Friday, February 13, 2015

The Love Symphony: A Fantasy of Darkness and Light

I've spent the past couple of weeks working on a film. At first it was mere accompaniment to music, something better than a blank screen to look at, but it quickly evolved into an artwork in its own right. Fundamentally it's a non-narrative film, a collection of stock footage and other segments of film to portray a mood, rather than carry a definite plot. This sort of places it in a similar field to very few other films, Disney's Fantasia, Koyaanisqatsi (Powaqqatsi, Naqoyqatsi, other similar films), some pop music or 'art installation' videos, but I think my film is different. I don't think those other films really worked well as artworks. What is their aim? What was my aim?

In the end my film became like a visual symphony more than a story. A music symphony is not the same as a book. I think there is a good story to a good symphony, that Beethoven's 5th Symphony is about something, but it's not something with an obvious plot like a film such as Pulp Fiction or North By Northwest. The Love Symphony film rapidly became like a symphonic film, it about something; one could say it's a love story, but it's not something tangible and explicit in plot. The Love Symphony is different from Fantasia and the Qatsi films for a few key reasons.

Firstly I used repetition. Of course, all music uses this, although notably the earliest music didn't. Musical forms evolved to repeat themes and build upon them. I decided that I'd like to use the same film clips or similar films clips, such as the same clip played at different speeds or with different edits, throughout the film. As in a musical work, I think this adds an important structural element that helps reinforce meaning and help cognition. Without repetition it becomes hard to build any drama because drama comes from contrast; differences that exist only in similarity.

Secondly, I fundamentally based the images on the mood, and much of that was directed by the music too. Putting images to the music is really important (or more specifically, putting images to the mood, which the music defines). Adding music to images is a backwards form of film-making, for films of this type.

Ultimately the result is something like I imagine Richard Wagner would call a Gesamtkunstwerk. That most multi-spectral of artists would surely have seen cinema as the realisation of his ideas; yet cinema now is primarily a narrative form. There are musicals, or plays, but the vast majority of cinema is either a filmed stage-play, or filmed opera. We might have increasingly sophisticated special effects (sets, costumes) but, for a medium that can convey any image, sound and emotion, the mere transposition of play to screen seems to miss out a whole type of film.

There are other types of film though; trailers and advertisements are films too, and yet are rarely considered genre works in their own right. These are unique, most have no 'plot' as such, or characters we can involve with.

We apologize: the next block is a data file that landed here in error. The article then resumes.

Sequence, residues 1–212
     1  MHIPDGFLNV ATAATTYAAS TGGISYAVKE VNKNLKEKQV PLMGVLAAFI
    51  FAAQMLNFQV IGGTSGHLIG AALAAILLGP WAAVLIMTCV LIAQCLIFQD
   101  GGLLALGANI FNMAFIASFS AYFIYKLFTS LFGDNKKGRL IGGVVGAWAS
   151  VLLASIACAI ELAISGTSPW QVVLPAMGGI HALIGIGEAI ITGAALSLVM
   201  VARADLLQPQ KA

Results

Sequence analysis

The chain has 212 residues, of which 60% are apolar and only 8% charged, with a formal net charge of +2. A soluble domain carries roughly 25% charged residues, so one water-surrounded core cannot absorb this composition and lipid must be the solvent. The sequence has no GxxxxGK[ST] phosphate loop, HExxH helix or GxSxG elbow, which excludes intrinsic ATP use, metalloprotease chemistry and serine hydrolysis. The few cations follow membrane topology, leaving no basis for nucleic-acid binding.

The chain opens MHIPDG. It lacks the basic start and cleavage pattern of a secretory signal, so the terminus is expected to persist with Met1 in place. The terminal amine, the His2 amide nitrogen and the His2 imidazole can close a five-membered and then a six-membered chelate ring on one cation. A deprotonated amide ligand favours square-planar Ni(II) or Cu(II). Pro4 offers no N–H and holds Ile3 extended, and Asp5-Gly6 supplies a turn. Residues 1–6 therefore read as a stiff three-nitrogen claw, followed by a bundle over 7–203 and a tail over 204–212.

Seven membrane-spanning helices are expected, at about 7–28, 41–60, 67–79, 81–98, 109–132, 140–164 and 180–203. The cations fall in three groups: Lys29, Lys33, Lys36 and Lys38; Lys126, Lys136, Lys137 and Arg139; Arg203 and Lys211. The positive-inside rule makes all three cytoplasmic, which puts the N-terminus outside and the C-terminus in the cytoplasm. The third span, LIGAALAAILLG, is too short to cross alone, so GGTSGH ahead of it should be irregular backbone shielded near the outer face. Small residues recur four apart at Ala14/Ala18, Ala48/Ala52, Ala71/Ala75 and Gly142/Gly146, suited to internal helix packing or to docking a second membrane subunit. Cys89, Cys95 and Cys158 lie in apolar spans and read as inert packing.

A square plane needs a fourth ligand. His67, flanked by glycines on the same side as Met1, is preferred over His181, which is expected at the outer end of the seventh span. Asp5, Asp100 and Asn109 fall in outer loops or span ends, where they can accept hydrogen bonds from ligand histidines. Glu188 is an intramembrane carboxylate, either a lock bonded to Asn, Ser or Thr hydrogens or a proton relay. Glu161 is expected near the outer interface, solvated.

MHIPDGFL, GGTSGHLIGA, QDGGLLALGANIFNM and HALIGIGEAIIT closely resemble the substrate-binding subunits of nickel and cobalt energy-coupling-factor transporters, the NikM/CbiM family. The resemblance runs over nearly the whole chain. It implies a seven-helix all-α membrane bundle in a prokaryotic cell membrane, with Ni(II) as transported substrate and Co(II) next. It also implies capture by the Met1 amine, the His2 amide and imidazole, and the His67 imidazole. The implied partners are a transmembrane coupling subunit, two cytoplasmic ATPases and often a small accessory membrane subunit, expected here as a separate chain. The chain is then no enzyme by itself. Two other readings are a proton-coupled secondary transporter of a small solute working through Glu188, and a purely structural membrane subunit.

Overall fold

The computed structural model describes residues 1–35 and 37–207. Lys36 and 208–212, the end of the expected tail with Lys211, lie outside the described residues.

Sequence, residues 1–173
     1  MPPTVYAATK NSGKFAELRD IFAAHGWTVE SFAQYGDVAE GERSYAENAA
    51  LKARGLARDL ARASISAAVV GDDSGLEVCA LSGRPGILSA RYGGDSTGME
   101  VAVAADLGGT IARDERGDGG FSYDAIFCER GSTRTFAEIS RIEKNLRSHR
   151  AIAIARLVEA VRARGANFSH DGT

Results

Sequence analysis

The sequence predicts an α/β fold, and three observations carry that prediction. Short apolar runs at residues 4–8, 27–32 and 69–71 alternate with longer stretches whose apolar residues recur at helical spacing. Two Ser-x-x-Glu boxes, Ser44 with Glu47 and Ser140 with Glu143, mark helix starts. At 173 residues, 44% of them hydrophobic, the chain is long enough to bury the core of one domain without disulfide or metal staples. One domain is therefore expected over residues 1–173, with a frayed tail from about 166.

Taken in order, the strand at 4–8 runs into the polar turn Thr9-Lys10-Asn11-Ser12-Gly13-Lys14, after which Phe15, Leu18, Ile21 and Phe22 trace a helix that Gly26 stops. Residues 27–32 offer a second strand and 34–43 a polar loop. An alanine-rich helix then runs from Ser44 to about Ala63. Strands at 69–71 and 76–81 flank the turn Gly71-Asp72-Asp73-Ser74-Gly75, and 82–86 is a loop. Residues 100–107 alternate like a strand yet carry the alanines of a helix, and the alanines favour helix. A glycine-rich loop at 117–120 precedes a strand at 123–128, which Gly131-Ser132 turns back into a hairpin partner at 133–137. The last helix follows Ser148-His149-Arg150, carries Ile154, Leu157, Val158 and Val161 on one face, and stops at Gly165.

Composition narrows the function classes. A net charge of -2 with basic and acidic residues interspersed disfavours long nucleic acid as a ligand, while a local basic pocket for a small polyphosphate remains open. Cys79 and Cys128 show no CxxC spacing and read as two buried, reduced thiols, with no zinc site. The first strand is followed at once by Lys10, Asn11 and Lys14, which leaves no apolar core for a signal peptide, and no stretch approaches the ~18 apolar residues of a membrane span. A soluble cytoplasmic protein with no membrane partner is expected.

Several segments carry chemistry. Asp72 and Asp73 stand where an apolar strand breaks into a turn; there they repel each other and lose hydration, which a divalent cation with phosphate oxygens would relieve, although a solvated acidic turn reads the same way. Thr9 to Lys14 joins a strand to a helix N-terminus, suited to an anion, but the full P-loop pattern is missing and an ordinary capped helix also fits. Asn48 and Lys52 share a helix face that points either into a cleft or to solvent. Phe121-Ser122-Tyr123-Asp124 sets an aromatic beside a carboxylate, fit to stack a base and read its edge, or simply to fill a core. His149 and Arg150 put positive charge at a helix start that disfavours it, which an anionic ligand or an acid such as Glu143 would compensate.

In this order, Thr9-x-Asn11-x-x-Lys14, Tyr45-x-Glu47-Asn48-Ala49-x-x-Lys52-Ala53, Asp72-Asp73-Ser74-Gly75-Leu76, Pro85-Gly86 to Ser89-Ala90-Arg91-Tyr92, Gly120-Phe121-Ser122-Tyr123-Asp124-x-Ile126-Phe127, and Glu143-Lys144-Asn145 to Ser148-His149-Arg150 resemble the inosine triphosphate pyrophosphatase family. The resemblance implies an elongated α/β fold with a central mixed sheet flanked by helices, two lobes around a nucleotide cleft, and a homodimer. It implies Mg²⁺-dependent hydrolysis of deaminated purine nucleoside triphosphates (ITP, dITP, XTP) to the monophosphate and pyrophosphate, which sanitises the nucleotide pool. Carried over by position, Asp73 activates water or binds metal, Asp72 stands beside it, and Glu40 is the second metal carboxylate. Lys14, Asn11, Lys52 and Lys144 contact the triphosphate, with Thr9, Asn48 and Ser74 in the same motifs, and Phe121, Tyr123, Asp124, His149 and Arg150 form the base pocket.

My film is made up chiefly from royalty free stock footage. A lot of old films were used, bit here and there. The full gamut of human emotion and experience is contained in those films. What more is needed as a palette? Sometimes I needed special scenes and I filmed those myself; I wanted a candle for example, and a ticking clock.

The liberating thing about making this film was the speed, the lack of technicalities. It's all a matter of editing, going straight to the artistic, creative, emotional content right away, not spending hours or days hiring actors, building sets, buying equipment, converting file formats, catering, finding funding! And all of the time wasting technical periphery of film making that probably frustrates every artistic film-maker. This is real film making, it was like composing the music in the first place, which of course is as symphonic in scale and content; that here is as vital as the written script in a normal film.

The music is ultimately why Koyaanisqatsi worked; Philip Glass' score fitted the images and mechanical doom-laden mood of that film, the only one that works artistically. The music in Fantasia is amazing, but rather that choose one symphony they chose a mish-mash and the confusing lack of consistency is why that film didn't work as an artwork. An artwork must have one theme or central idea. One.

"The Love Symphony: A Fantasy of Darkness and Light" is about 45 minutes long and will be premiered at 5pm on March 7th 2015 at Gabriel Fine Art, Old Paradise Yard, London. The hard part for me will be to get enough people seeing this! I do hope enough do. One of the difficulties of film as a medium is just this; from great directors and huge film production companies to small independent film makers, the problem of getting a finished film seen is as hard as making the film in the first place.

For details of the venue where you can view this film, see www.phenomenologyoflove.com

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